For my science fair project, I am measuring the resistance of a 100 foot piece of 32 gauge Nichrome wire. Using a Innova 3300 digital multimeter, I get the following results for each resistance range value:
- 200 ohms: 1 (to far left, indicating over range)
- 2000 ohms: 1025-1030
- 20k ohms: 1.02-1.03
- 200k ohms: 01.0
- 20M ohms: 0.00
I understand that precision varies based on the range value, so the right-most digits makes sense to me. However, I don't understand the scale of the left-most digits? Why aren't they all in the 1000 range if actual resistance doesn't change.
I have read the manual several times but it just says:
- Plug the RED test lead into the "Ω" jack of the multimeter; plug the BLACK test lead into the "COM" jack.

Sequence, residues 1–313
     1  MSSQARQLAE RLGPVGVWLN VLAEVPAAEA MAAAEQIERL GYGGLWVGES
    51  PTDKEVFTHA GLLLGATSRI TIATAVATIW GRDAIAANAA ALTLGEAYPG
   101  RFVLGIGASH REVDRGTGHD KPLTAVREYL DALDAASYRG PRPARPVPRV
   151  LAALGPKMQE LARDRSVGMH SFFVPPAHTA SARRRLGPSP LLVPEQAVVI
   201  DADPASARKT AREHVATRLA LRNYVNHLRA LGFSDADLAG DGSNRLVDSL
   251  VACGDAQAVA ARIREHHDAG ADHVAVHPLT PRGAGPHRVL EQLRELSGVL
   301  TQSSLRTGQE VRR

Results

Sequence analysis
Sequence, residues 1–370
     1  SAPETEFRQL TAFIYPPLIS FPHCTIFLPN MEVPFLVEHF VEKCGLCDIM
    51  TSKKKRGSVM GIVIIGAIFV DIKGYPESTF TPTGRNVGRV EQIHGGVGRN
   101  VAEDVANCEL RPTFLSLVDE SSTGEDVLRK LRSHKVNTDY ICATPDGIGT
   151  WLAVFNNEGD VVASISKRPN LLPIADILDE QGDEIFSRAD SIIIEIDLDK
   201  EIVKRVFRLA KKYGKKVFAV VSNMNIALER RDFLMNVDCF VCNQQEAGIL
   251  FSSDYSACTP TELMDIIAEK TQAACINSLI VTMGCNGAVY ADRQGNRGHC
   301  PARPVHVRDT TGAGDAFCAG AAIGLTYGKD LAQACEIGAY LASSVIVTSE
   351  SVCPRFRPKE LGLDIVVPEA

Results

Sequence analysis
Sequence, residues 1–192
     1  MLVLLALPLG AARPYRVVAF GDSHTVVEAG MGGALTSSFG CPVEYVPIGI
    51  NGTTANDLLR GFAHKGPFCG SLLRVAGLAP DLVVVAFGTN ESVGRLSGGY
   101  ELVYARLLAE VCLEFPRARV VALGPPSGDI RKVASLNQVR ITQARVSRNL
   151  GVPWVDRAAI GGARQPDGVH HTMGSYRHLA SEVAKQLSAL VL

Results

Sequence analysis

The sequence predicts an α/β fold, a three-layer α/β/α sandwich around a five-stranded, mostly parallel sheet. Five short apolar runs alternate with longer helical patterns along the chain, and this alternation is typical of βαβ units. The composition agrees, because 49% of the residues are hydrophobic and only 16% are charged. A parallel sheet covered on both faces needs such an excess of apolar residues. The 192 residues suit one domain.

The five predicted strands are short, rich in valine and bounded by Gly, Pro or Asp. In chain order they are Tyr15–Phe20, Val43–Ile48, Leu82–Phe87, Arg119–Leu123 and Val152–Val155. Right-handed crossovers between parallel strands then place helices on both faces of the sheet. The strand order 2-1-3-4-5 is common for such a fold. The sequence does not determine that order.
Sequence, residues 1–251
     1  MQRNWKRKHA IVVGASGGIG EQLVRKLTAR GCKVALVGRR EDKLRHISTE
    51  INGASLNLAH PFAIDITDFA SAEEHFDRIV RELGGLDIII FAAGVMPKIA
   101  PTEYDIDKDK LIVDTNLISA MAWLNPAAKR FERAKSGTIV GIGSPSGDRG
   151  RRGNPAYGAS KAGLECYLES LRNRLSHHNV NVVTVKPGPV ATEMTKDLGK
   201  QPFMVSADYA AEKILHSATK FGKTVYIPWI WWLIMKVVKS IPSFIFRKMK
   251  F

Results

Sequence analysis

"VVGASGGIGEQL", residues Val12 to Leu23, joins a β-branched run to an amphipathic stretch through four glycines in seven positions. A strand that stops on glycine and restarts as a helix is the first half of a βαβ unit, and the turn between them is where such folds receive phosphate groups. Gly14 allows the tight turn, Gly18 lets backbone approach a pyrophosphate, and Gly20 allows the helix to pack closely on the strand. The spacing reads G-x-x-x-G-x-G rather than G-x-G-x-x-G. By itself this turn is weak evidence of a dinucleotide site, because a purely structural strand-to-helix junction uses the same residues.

- Set the meter’s Function/Range Selector Switch to the OHM "Ω" range function.
- Place the RED test lead onto one side of the item being tested and the BLACK test lead onto the other side of the item. (Polarity does not matter when checking resistance).
- Read the results on the display
There is no mention of what the results mean. After thinking about this with my dad and searching the internet, I think I have an answer: The units of the display value are in the units of the range. For example, 200 and 2000 are in ohms, 20k and 200k are in kilo-ohms, and 20M is in mega-ohms.
Is my hypothesis correct? And what about the leading zero in the 200k range?